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Browse All : Images of Libya

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International Space Sta...
2004-11-29 0:0:0
 
Description ISS010-E-05266 (28 October 2004) --- The Al Khufrah Oasis is featured in this image photographed by an Expedition 10 crewmember on the International Space Station (ISS). Green circles in the desert frequently indicate tracts of agriculture supported by center-pivot irrigation. The Al Khufrah Oasis in southeastern Libya (near the Egyptian border) is one of Libya?s largest agricultural projects, and is an easy-to-recognize landmark for orbiting crewmembers aboard the Station. The center-pivot irrigation system pumps water under pressure into a gantry or tubular arm from a central source. Anchored by a central pivot, the gantry slowly rotates over the area to be irrigated, thereby producing the circular patterns. Although the field diameters vary, these fields are approximately 0.6 mile (1 kilometer) in diameter. Darker colors indicate fields where such crops as wheat and alfalfa are grown. Lighter colors can indicate a variety of agricultural processes: fields that have been harvested recently; fields that are lying fallow; fields that have just been planted; or fields that have been taken out of production.
International Space Sta...
2004-12-21 0:0:0
 
Description ISS005-E-11189 (25 August 2002) --- Calanscio Sand Sea, Libya is featured in this digital image photographed by an Expedition 5 crewmember on the International Space Station (ISS). A plume of black smoke blowing westward is silhouetted against yellow linear dunes in the great sand sea of northeast Libya. Smoke from flares at remote well heads is commonly seen by astronauts flying over the Sahara Desert. NASA scientists studying the Station imagery had the following observations about the image. The plume dispersal pattern visible at the left edge of the image may be due to upper-level winds or gravitational settling of heavier particulates. The regular pattern of linear dunes is generated by two major winds: the dominant north wind (north is towards the top right) determines the orientation of the sand dunes. Gentler easterly winds, as were blowing when this view was taken, make the dunes asymmetric, with a gentle windward (west) slope and an over steeped downwind slope. Some over steepened slopes even cast shadows in the early morning light. One mound of sand (top right), due north of the well head, does not fit the pattern of linear dunes. This type is known as a star dune.
International Space Sta...
2004-04-03 0:0:0
 
Description ISS005-E-19016 (30 October 2002) --- The three-member crew of the Expedition Five mission onboard the International Space Station was able to observe Mt. Etna?s spectacular eruption, and photograph the details of the eruption plume and smoke from fires triggered by the lava as it flowed down the 11,000 ft mountain. This image and a second image (ISS005-E-19024) are looking obliquely to the southeast over the island of Sicily. This wide view shows the ash plume curving out toward the horizon, caught first by low-level winds blowing to the southeast, and to the south toward Africa at higher altitudes. Ashfall was reported in Libya, more than 350 miles away. The lighter-colored plumes downslope and north of the summit (see detailed view taken the same day, ISS005-E-19024) are produced by forest fires set by lava flowing into the pine forests on the slope of the mountain. The detailed image provides a more three-dimensional profile of the eruption plume. This eruption was one of Etna?s most vigorous in years, volcanologists reported this week. The eruption was triggered by a series of earthquakes on October 27, 2002, they said. These images were taken on October 30. Although schools were closed and air traffic was diverted because of the ash, no towns or villages were reported to have been threatened by the lava flow.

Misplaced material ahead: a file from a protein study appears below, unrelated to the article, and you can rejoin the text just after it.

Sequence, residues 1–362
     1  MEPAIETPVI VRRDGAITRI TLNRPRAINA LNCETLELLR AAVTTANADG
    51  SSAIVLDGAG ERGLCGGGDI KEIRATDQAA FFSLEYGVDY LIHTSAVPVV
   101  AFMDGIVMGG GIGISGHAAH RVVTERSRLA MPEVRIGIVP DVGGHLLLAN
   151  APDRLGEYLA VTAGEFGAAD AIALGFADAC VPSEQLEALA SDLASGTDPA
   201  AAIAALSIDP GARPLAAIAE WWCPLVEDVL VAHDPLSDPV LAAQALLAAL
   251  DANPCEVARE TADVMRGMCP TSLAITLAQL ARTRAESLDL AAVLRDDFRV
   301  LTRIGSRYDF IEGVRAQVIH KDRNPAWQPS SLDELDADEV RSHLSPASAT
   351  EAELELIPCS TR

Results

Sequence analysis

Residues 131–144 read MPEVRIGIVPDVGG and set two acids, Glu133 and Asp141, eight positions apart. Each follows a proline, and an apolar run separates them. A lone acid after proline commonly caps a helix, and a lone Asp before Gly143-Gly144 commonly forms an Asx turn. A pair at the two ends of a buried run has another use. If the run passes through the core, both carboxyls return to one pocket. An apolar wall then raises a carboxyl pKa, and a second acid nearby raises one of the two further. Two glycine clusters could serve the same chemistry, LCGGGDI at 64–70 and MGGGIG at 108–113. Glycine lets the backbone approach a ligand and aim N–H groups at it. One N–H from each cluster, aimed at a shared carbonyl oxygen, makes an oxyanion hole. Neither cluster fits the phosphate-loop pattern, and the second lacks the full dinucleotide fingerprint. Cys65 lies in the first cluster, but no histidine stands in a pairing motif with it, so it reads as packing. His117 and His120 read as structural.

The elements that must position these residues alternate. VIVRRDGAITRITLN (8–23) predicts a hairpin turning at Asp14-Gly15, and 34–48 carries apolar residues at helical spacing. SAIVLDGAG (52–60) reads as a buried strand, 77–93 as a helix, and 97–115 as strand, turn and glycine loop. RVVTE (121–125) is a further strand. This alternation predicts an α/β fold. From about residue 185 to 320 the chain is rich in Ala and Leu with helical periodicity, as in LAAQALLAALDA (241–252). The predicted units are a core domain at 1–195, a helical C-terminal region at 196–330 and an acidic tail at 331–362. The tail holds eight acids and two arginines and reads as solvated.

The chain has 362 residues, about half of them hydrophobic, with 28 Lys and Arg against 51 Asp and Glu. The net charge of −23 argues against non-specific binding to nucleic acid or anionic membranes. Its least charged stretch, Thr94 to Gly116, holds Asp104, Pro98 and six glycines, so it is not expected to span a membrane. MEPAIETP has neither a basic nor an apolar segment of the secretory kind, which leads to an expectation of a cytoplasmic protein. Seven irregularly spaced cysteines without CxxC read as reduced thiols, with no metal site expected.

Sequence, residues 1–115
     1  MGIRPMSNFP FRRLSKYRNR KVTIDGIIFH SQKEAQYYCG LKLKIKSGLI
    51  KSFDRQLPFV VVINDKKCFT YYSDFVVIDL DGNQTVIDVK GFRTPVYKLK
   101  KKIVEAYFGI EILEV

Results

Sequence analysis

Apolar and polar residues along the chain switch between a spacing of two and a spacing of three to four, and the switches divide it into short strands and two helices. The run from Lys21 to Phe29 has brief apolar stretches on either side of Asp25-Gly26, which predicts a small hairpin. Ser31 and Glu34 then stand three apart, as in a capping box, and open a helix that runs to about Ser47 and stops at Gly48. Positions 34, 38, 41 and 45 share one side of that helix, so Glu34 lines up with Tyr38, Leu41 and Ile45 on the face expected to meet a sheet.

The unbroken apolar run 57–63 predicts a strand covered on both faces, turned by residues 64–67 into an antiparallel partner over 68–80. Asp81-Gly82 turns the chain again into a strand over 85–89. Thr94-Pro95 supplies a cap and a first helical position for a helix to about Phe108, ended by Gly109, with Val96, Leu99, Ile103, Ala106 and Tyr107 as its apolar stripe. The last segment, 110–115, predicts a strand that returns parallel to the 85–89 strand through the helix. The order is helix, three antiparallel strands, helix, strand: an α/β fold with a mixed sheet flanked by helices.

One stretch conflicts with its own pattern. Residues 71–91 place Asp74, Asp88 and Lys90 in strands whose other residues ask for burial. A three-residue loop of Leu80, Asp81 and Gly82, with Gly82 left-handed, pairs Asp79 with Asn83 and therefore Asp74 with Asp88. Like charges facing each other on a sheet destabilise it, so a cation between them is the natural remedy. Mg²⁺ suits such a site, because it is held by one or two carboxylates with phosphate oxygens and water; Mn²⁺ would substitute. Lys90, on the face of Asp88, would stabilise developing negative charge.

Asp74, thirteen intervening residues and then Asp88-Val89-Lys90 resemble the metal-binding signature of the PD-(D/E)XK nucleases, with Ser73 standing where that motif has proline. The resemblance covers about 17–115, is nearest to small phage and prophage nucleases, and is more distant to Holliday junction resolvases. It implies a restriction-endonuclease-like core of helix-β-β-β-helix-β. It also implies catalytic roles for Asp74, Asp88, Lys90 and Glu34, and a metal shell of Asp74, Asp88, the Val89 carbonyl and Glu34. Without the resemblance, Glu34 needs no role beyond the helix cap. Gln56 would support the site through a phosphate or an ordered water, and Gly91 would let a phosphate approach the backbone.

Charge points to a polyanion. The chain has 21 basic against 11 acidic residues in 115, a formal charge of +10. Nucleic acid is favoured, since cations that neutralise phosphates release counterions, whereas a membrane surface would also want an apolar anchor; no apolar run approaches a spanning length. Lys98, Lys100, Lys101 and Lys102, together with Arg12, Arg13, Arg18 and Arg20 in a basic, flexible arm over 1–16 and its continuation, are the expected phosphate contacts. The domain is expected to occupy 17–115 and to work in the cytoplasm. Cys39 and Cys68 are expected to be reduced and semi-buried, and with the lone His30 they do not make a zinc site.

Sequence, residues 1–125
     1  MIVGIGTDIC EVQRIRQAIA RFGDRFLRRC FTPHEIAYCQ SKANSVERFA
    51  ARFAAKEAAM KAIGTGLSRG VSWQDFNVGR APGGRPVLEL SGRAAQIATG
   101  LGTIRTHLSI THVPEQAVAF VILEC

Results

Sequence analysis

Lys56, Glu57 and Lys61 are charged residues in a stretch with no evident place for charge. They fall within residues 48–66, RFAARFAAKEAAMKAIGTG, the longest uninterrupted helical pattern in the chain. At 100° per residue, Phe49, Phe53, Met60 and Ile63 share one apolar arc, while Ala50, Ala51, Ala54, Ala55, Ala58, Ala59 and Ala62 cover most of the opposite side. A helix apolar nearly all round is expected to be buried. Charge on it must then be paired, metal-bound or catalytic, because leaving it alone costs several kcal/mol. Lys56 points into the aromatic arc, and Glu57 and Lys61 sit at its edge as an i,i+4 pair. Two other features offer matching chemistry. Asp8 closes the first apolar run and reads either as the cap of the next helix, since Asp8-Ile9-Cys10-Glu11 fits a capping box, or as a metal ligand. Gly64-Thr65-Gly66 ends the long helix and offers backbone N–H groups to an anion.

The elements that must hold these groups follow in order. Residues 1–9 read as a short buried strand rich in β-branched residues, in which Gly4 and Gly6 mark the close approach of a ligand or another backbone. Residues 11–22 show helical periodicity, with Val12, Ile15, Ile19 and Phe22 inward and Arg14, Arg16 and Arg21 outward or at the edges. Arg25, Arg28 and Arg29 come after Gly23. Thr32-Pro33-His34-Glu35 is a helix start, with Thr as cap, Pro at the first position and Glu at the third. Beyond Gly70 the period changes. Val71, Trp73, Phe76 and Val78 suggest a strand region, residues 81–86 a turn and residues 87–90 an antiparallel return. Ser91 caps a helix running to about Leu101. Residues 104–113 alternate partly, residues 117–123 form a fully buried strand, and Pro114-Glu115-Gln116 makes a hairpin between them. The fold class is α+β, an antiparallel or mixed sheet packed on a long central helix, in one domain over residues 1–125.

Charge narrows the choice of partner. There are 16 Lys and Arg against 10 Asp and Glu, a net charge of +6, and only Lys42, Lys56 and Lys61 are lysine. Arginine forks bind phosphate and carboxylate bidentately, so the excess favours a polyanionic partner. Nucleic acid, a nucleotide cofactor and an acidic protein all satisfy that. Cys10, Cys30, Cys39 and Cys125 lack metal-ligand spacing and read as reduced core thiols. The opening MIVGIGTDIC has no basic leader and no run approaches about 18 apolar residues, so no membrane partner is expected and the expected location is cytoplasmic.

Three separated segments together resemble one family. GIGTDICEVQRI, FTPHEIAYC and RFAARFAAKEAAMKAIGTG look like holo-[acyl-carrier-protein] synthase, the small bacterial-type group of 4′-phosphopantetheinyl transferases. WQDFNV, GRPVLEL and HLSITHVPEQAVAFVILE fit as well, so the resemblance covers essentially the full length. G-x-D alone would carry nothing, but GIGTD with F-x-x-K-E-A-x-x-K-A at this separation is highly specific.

International Space Sta...
2004-04-03 0:0:0
 
Description ISS005-E-19024 (30 October 2002) --- The three-member crew of the Expedition Five mission onboard the International Space Station was able to observe Mt. Etna?s spectacular eruption, and photograph the details of the eruption plume and smoke from fires triggered by the lava as it flowed down the 11,000 ft mountain. This image and a second image (ISS005-E-19016) are looking obliquely to the southeast over the island of Sicily. The wider view (ISS005-E-19024) shows the ash plume curving out toward the horizon, caught first by low-level winds blowing to the southeast, and to the south toward Africa at higher altitudes. Ashfall was reported in Libya, more than 350 miles away. The lighter-colored plumes downslope and north of the summit seen in this frame are produced by forest fires set by lava flowing into the pine forests on the slope of the mountain. This image provides a more three-dimensional profile of the eruption plume. This eruption was one of Etna?s most vigorous in years, volcanologists reported this week. The eruption was triggered by a series of earthquakes on October 27, 2002, they said. These images were taken on October 30. Although schools were closed and air traffic was diverted because of the ash, no towns or villages were reported to have been threatened by the lava flow.
STS-76 Shuttle Mission ...
2004-04-03 0:0:0
 
Description STS076-E-05255 (22-31 March 1996) --- STS-76 KidSat Earth View (Libya)
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